Juniors attend NACAC college fair

Anna Baldwin
staff writer

On April 2, at 9:30 a.m. juniors were called from their second period classes to head to the buses to go to the college fair. The college fair is run by NACAC (National Association for College Admission Consulting) and is held at the Montgomery County Agricultural Center, also known as the fairgrounds.

The college fair has college representatives to allow students to ask questions about the school. “Admission representatives from schools across the country are all gathered in one place. Their goal: To encourage you to learn more about their institutions, and help you sort through the qualities you’re looking for in a college,” www.nacacfairs.org, the college fair website states.

At the fair there are about 4 rooms full of  tables which all contained college information, and college representatives were at each table. “When I first walked into the college fair I was a bit overwhelmed because there was so many schools to see and it was a bit intimidating to talk to the representatives, but it was really fun in the end and I am really happy that I chose to go,” junior Miranda Wright said.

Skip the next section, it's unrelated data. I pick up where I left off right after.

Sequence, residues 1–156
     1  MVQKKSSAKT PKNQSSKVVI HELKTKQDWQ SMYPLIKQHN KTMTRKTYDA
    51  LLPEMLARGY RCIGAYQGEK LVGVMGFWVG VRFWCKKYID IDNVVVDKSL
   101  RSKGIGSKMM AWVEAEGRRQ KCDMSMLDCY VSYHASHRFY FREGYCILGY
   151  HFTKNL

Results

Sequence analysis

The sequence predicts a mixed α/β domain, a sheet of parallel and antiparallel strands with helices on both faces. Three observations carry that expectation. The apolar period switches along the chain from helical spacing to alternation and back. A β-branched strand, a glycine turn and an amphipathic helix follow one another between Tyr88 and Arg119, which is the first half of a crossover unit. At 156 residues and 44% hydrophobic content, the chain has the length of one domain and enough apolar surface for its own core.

While at the fair students were encouraged to, “explore your options. Each fair draws representatives from 175 to 400 colleges. The schools are located throughout the US, and from around the globe. Ask questions. What’s college life like? What majors are popular on campus? Chatting with representatives from a variety of colleges can help you cement your own preferences. Gather information. Pick up brochures and other materials about the schools that interest you. Ask admission reps to scan your barcode—an easy way to help colleges follow up with you after the fair,”  www.nacacfairs.org, states.

In order for juniors to be able to go, they had to pay $5 fee and sign up. They were encouraged to go by college counselor Kathleen Carr, and their individual counselors, to get an inside look at different colleges. “You never know who could be at the booth, sometimes it’s people who read your college application,” Laura Cope said.

A goal of the college fair is to help juniors get more information on their top choices but also learn about new schools students may have never heard of. “I think the college fair was really helpful because I got to ask a lot of questions about the school and I got a lot of pamphlets that had more details about the school. I would also recommend everyone to go because I think it was a really helpful experiences,” junior Amy Kraft said.

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